The transition from elementary to high school is challenging. A particular source of stress and anxiety for ninth graders is the suddenly heightened expectation to complete large amounts of homework assignments. This program enlisted high-achieving juniors and seniors who served as counselors, guides, mentors and advisors for freshman students who are finding the transition to high school especially difficult. The entire project was conducted under the supervision of teachers.
Mankato Loyola High School, North Mankato, Minnesota
This innovative project involved coordination and cooperation among a network of participants including: Minnesota State University-Mankato, the YMCA, CADA (Committee Against Domestic Abuse) House, numerous Mankato-based corporations, and disadvantaged youth and their parents. Mankato State University, local businesses and season ticket holders were asked to donate sporting event tickets to local economically disadvantaged students and their families.
St. Charles High School, St. Charles, Minnesota
This project developed a ‘date rape awareness' health fair in collaboration with a peer education group known as Teen Council. The fair covered three school districts and included print materials, a video and an extensive survey.
Von Stueben High School, Chicago, Illinois
Two athletes at Von Stueben High School developed a program to train at least two students for each of their school's athletic teams as certified CPR technicians. They designed an extensive and comprehensive schedule of classes and enlisted Red Cross-approved trainers. When they satisfied their quota objective for CPR techs, they expanded their program to include other aspects of First Aid training.
Washburn High School, Minneapolis, Minnesota
The project involved forming a volunteer group at Washburn that provided servant leadership to the community. Members participated in fund-raising activities throughout the Twin Cities, providing local organizations with much needed assistance. In addition, students organized many fundraising activities at the high school to purchase books for their library.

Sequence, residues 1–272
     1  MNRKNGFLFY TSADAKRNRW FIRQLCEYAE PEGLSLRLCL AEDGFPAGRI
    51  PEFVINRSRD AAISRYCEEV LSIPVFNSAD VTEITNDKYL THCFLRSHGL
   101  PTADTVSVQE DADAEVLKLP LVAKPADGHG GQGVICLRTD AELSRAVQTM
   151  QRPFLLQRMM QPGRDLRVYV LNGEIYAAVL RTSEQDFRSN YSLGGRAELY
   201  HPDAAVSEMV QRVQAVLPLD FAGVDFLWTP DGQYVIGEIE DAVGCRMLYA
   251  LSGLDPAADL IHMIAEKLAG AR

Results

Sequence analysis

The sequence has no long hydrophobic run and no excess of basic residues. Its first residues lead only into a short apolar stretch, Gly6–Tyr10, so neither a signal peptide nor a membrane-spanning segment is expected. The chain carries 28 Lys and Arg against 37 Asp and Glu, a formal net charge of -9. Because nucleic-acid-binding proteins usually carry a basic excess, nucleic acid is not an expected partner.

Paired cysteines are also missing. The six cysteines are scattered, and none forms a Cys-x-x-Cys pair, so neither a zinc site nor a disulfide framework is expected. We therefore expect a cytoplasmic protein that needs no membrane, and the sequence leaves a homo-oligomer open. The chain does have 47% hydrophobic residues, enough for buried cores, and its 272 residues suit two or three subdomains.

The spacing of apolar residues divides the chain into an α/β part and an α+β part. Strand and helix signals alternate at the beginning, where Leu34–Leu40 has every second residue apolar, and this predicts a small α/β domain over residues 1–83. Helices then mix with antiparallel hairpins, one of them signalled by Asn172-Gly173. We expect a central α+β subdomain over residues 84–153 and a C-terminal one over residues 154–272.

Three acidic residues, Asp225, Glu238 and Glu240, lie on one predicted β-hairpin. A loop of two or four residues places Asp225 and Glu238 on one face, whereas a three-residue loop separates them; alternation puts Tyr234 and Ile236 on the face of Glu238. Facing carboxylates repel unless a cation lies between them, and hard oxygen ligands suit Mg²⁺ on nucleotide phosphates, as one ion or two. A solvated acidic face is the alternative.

Cambridge-Isanti High School, Cambridge, Minnesota
A student created a program called P.A.L.S (People Assisting Local Seniors). Simple and straightforward in concept, the program provided a resource pool of teenagers who performed chores for local seniors upon request.
Rushford-Peterson High School, Rushford, Minnesota
Two students developed a project taught Spanish language and culture classes to third and fourth graders. Classes were held twice a week for one hour for a three-month period. From their own experiences, they concluded that delaying exposure to Spanish until ninth grade is too late to achieve fluency.
Oshkosh Lourdes High School, Butte des Mortes, Wisconsin
This project complemented the academic offerings at Lourdes High School with a “life skills” course addressing ten areas: interpersonal communication skills, character development, health, manners and etiquette, safety, personal finances, first aid, outdoor life, home and auto maintenance, and personal management and organization. Five to ten minutes of each school day, usually in homeroom, were set aside for life skill instruction.